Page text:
Nice to be settling in at home after almost two weeks in California. Loved being with Robin and her family and seeing everybody at the family reunion but - there is nothing like the familiarity of your own bed.
So why is it we move around so much. What is this restlessness?
As I was unpacking this afternoon I remembered that at this time last year I was unpacking in Ireland. That was a strange trip.
We traveled with an Elderhostel group and by the time we got home we were hostile elders. Since then its been hard for me to process the trip and write about it. Not that its necessary to write about trips; its just that when I do I remember it.
First off, I have to say that by the third day of the trip I was felled by a severe attack of diverticulitis. I could hardly walk without excruciating pain in my back. I was miserable. And irritable. Making me a really delightful traveling companion for Jim.
But more than that - we both felt confined by long daily bus rides with our American group which closed us off from meeting or interacting with locals. And, we had really looked forward to spending time in a country where we had a common language and could meet people. And, hear stories.
We heard stories all right - from our group companions - because we shared three meals a day with them and all those endless hours in the bus. The people were nice. Perhaps they felt as trapped as we did. Its just that we were looking for stories from Irish locals - not our own country follk. And, the leader, an articulate and very smart university professor, was committed to his syllabus and talked it at us endlessly all day, every day. Leaving little room for spontaneity or serrendipitous discovery. I could not believe that we were riding right by a replica of an immigrant ship that brought our relatives to America and that we were not going to stop. When a group of us prevailed in our request we had a ten minute peek at this ship - because we would be late for the next stop on the agenda - a mock-up village of early Ireland.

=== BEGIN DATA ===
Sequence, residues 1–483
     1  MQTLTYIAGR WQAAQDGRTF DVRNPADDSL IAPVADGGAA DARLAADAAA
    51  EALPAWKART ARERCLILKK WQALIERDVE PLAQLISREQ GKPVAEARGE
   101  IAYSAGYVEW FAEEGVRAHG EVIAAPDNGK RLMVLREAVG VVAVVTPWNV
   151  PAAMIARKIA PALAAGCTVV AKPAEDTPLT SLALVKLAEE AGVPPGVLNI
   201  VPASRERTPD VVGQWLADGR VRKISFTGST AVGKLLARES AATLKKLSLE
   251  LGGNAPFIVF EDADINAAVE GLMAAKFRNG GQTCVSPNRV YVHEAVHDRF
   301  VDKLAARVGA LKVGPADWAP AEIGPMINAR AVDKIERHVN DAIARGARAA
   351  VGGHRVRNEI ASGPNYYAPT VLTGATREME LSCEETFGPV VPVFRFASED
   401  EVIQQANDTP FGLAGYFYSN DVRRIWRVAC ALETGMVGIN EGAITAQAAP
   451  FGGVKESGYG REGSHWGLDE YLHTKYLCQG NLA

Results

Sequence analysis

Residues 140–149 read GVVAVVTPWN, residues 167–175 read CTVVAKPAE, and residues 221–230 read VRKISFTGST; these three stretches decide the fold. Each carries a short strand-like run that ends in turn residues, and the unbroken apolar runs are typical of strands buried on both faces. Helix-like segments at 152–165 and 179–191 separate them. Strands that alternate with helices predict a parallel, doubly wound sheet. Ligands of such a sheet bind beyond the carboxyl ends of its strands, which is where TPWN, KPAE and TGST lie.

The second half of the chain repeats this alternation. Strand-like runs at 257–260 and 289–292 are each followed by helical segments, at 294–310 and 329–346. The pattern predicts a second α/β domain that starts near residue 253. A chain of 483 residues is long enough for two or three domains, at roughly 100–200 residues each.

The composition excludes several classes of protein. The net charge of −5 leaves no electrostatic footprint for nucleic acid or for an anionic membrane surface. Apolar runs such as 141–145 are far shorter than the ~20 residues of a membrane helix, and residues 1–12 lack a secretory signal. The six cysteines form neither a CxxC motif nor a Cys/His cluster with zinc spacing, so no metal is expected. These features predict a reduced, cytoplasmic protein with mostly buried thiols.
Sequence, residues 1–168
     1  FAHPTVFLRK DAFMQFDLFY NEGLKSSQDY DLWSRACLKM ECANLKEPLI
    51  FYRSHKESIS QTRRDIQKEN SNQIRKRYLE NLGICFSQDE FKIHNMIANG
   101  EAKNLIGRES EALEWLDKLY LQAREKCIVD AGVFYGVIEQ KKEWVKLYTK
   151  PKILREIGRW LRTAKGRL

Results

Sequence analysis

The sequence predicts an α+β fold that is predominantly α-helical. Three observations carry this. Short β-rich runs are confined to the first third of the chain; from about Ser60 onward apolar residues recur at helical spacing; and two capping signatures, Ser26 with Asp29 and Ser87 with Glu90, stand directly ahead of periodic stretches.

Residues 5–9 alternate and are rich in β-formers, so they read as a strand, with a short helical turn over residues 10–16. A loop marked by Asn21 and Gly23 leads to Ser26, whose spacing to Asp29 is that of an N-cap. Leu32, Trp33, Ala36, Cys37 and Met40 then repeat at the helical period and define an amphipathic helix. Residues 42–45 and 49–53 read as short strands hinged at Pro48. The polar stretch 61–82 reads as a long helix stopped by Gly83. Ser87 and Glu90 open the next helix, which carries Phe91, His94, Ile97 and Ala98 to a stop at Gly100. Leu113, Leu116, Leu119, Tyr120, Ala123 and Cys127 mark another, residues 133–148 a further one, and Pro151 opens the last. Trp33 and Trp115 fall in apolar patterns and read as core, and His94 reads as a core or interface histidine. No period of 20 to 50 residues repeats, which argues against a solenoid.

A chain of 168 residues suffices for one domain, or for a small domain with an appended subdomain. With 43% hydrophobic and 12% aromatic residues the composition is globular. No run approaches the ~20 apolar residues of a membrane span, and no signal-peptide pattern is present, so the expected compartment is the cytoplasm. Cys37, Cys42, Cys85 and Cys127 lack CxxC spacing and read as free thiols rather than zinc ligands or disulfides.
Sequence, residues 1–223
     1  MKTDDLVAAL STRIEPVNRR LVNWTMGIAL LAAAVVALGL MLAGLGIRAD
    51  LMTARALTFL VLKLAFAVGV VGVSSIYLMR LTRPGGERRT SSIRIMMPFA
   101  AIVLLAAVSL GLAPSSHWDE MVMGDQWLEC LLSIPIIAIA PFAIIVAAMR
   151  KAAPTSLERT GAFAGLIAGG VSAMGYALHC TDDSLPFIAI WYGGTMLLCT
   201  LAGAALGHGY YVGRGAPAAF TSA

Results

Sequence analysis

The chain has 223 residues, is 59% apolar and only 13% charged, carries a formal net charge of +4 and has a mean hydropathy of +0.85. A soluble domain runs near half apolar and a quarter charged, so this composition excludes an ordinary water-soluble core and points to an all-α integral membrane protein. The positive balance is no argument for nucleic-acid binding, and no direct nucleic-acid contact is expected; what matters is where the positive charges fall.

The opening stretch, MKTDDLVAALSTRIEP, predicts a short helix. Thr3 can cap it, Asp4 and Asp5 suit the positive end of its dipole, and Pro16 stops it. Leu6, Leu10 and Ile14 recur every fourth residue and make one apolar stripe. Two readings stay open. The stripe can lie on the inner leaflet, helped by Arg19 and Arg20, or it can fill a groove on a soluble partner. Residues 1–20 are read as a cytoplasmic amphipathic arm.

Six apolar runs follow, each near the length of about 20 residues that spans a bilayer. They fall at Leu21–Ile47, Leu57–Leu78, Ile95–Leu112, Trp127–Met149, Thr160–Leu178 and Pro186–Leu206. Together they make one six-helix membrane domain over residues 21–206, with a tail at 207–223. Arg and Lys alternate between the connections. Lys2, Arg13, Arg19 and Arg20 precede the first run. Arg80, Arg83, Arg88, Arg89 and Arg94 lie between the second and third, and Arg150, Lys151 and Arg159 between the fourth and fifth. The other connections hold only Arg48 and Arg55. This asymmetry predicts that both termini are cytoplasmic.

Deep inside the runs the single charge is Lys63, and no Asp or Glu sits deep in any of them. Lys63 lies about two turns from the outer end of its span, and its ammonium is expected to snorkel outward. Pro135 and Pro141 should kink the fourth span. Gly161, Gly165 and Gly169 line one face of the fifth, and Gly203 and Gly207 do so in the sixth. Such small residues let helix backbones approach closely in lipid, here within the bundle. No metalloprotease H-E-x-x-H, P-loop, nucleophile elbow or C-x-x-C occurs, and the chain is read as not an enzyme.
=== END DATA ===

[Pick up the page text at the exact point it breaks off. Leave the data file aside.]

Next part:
Jim and I took a bye on an afternoon at the Waterford Crystal factory. Instead we thoroughly enjoyed a lesiurely tour of the Waterford City Museum - not only was it rich in the history of the area but it was set in a rennovated waterfront factory which had been redone in a very creative use of the space- creating effective museum exhibit areas and preserving the original brick structure throughout the interior. And we met a few folks in the museum who made the time doubly worthwhile.
When we reached Dublin Jim and I bolted the group for a few days. The highlight of our entire two week Irish excursion was the Mary Gibbons day trip to New Grange, Tara and several other sites near Dublin. After reading Ireland by Frank DeLaney we could not miss New Grange - and it was not part of the Elderhostel agenda. Pity. Well - we did see the Book of Kells, and had two nights at the theater with the group. But most of all we loved just wandering Dublin city on our own.
What have I learned? To read the materials carefully epecially the daily agendas and not to assume anything.
This trip was exactly as it was described in the brochure and on the website.
It is not the fault of Elderhostel that their plan did not fit my expectations. I made those expectations up all by myself.
Would I sign on for another Elderhostel? I doubt it - but I might - if I read the descriptions carefully and decided it was the trip for me.
Posted by ELLOUISESTORY